Cognitive function boosted in MCI patients, with new ketogenic drink

5 mins read

New clinical research conducted by the University of Sherbrooke, Canada, published in Alzheimer’s & Dementia: The Journal of the Alzheimer’s Association, has established people with Mild Cognitive Impairment (MCI) experienced significant improvement in cognitive function when consuming a specialized ketogenic drink (BrainXpert Energy Complex) twice a day for six months.

Affecting 15-20% of people aged 65+, MCI is a decline in cognitive functioning[1] considered a transitional stage between normal ageing and dementia[2]. In part, MCI develops when a person’s brain has less glucose available as a source of energy1, resulting in symptoms including memory loss, forgetfulness, and a decline in decision-making ability and judgment.

The six-month randomised controlled BENEFIC (Brain ENErgy, Functional Imaging and Cognition) trial investigated the role of ketones, which can be used by the brain as an alternative fuel source to glucose. The ground-breaking results established for the first time that a drink containing a compound rich in ketogenic medium chain triglycerides (kMCT) and milk protein, known as BrainXpert Energy Complex, is an effective alternative brain energy source for people living with MCI. This signals a major breakthrough for the MCI community that, until now, has had no available treatments2.

Trial results confirmed that an intervention with this ketogenic drink clinically demonstrated a doubling of the ketones used by the brain, thereby significantly reducing the brain energy deficit caused by impaired brain glucose metabolism. Participants also showed a statistically significant reduction in MCI symptoms: they had improved memory; improved word recall; were able to think quicker; and were more able to multi-task versus participants that were given the placebo drink.

BENEFIC trial principal investigator Professor Stephen Cunnane, from the University of Sherbrooke, said: “Identifying significant improvement in cognitive function in patients with MCI is an exciting development that gives us great motivation to stay on this research track. This is only the beginning and the hope is that new innovations can be found to not just boost brain function, but to slow down progression to Alzheimer’s disease and other forms of cognitive decline linked to ageing. These results should significantly improve the quality of life for people living with Mild Cognitive Impairment.”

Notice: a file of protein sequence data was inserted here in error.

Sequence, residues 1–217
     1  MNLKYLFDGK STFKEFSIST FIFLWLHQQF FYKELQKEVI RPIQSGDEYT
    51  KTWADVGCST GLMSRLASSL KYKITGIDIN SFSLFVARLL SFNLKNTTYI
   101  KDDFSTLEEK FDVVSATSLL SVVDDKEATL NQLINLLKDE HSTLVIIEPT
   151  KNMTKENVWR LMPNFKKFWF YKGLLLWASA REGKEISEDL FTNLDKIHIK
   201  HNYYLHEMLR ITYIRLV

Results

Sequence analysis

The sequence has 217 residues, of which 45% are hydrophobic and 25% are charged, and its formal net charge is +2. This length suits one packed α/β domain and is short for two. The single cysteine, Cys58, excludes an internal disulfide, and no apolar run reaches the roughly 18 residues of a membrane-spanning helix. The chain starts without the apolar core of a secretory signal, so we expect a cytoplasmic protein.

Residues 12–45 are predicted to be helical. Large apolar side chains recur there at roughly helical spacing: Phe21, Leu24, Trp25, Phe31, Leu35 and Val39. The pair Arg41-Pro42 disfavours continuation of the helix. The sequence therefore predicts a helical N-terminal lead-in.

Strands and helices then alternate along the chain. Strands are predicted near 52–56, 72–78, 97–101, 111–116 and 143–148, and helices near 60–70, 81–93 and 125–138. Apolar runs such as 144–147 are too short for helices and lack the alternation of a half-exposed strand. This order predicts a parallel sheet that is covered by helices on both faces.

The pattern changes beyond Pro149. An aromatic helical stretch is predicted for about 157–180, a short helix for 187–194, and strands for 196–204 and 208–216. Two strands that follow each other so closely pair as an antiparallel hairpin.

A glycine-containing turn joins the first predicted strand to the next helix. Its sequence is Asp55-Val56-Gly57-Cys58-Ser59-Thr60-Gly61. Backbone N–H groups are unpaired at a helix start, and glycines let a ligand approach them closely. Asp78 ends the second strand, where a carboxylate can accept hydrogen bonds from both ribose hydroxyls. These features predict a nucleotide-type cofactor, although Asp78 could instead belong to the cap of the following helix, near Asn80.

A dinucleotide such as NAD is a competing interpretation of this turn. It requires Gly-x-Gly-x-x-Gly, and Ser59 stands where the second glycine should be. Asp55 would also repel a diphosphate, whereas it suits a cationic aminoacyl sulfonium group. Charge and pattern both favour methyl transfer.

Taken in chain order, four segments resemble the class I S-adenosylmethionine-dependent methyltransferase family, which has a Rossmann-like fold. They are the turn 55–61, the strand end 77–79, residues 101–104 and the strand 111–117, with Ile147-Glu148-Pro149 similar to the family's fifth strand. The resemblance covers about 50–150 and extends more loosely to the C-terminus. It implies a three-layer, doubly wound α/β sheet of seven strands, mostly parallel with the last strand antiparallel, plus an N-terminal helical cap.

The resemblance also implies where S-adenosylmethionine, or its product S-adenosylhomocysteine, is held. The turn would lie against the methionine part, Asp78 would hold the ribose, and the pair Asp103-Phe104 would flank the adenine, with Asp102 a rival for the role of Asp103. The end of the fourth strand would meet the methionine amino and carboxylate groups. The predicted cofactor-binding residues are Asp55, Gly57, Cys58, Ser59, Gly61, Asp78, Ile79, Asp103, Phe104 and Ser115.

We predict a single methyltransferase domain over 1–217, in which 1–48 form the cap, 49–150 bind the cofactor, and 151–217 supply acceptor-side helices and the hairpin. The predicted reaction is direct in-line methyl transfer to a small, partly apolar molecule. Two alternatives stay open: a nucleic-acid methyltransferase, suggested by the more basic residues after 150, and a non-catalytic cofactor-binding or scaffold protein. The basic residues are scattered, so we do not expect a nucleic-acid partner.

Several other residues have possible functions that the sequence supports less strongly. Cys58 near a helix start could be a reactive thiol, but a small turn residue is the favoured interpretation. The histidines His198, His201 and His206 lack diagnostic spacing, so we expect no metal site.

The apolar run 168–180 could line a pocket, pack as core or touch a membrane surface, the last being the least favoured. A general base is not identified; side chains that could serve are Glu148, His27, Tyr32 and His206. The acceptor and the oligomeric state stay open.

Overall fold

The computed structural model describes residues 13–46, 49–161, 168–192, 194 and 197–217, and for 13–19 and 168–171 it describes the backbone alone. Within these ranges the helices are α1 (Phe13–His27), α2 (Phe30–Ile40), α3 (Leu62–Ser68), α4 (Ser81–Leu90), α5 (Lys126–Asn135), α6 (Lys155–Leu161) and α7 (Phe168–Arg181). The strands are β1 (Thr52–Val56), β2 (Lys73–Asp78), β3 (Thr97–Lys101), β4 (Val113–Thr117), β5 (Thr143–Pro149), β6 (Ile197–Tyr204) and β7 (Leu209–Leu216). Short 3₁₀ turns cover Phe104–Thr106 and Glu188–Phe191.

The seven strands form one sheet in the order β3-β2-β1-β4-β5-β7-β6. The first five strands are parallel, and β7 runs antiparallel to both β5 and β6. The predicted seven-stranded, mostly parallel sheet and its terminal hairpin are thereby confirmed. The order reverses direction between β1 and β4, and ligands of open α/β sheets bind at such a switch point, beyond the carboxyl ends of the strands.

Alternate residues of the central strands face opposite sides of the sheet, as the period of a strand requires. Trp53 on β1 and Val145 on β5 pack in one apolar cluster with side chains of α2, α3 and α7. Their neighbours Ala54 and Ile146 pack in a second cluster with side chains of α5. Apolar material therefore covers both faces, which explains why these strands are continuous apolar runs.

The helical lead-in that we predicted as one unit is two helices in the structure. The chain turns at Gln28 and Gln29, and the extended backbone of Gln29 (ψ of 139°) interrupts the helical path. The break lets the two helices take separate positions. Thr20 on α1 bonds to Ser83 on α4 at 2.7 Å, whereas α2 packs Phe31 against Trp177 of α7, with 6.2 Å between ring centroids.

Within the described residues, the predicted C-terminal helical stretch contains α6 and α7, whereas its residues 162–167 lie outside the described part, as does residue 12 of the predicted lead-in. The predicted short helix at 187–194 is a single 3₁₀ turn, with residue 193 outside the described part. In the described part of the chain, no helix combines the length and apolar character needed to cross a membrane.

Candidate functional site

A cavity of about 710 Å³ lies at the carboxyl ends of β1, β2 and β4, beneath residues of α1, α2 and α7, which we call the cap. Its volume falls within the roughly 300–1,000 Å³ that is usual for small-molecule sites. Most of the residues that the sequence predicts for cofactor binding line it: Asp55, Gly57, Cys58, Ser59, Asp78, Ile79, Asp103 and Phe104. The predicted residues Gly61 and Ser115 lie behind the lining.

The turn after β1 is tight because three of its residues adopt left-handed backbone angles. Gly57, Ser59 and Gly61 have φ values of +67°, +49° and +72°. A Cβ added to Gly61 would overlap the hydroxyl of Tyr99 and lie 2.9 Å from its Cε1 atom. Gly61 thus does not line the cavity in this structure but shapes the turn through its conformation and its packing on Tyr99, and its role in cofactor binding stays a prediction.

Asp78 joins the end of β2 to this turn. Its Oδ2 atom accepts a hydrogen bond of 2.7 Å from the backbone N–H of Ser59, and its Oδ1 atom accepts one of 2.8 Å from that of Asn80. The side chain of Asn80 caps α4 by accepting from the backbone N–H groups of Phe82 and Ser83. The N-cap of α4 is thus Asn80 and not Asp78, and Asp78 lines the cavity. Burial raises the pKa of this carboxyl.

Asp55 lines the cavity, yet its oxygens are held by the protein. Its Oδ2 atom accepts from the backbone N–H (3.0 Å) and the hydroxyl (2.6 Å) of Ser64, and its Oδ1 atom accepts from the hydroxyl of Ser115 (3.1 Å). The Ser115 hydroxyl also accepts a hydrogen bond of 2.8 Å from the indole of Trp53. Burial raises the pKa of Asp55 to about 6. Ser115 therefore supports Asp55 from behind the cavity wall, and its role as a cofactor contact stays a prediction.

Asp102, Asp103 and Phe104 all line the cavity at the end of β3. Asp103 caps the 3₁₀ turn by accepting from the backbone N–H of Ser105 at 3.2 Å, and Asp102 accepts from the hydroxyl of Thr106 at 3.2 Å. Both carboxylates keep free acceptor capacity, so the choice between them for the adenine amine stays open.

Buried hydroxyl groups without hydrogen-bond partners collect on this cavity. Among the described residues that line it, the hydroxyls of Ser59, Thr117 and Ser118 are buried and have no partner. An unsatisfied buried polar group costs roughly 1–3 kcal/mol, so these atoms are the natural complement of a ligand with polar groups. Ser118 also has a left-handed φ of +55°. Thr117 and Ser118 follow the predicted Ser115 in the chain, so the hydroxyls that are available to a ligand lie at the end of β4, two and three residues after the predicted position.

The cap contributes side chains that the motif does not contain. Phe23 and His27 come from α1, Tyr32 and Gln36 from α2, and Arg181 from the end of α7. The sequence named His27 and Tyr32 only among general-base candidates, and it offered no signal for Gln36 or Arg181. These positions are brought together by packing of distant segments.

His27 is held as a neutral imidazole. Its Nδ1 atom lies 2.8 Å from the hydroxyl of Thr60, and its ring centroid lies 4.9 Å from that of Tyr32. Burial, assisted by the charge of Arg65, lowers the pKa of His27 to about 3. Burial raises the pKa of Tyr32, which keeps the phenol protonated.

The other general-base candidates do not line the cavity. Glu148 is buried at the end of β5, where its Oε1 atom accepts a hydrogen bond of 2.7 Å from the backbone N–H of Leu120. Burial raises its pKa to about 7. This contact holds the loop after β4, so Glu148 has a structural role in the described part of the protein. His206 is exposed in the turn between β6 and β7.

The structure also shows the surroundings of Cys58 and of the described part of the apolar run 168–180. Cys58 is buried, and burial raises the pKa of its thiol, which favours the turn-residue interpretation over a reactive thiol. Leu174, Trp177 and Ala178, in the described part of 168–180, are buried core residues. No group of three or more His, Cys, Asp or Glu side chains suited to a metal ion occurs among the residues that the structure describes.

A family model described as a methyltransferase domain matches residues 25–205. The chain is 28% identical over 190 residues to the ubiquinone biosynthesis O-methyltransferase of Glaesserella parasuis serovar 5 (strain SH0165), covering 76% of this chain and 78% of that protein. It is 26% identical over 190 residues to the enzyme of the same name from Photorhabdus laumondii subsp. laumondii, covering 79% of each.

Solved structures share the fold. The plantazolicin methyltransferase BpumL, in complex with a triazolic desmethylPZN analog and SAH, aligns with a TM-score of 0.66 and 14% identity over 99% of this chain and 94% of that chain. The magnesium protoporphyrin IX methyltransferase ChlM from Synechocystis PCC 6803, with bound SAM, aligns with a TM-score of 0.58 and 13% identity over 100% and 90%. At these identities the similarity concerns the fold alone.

Cognitive function was assessed at baseline and after six months of intervention. Episodic memory was evaluated using the French version of the 16-item free and cued word learning and recall test[3] and the Brief Visual Memory Test-Revised (BVMT-R)[4]. For executive function, attention and processing speed, the Trail Making test, Stroop Colour and Word Interference test (Stroop), and the Verbal Fluency (VF) tests from the Delis-Kaplan Executive Function System[5] were used, respectively. The Boston Naming Test (TNT)[6] was used for the assessment of language ability.

The ketogenic drink used in the research has been formulated and launched commercially for people living with MCI by Nestlé Health Science as BrainXpert.

For more information on the study, or BrainXpert, please visit

BrainXpert is intended for special medical purposes for the dietary management of patients suffering from Mild Cognitive Impairment. To be used under medical supervision.

Phase one of the BENEFIC trial was published in Alzheimer’s & Dementia: The Journal of the Alzheimer’s Association in 20191, and the cognitive results of Phases 1 and 2 combined were published in the same journal in October 2020.

[1] Fortier, M., et al. A ketogenic drink improves brain energy and some measures of cognition in mild cognitive impairment Alzheimer’s & Dementia 2019;15: 625-634

[2] Fortier, M., et al. A ketogenic drink improves cognition in Mild Cognitive Impairment: results of a 6-month RCT. In press Alzheimer’s & Dementia 2020

[3] Van der Linden M, et al. L’épreuve de Rappel Libre/Rappel Indicé à 16 items (RL/RI-16). In: M. Van der Linden SA, & A. Agniel, editor. L’évaluation des troubles de la mémoire épisodique (avec leur étalonnage). Marseille (France): Solal; 2004. p. 25-47.

[4] Benedict R. Brief Visuospatial Memory Test-Revised professional manual. Odessa, FL: Psychological Assessment Resources; 1997.

[5] Delis D, Kaplan E, Kramer J. Delis-Kaplan Executive Function System (D-KEFS). In: Corporation P, editor. San Antonio, TX (USA)2001

[6] Kaplan E, Goodglass H, Weintraub S. The Boston Naming Test. Philadelphia: Lea & Febiger; 1983

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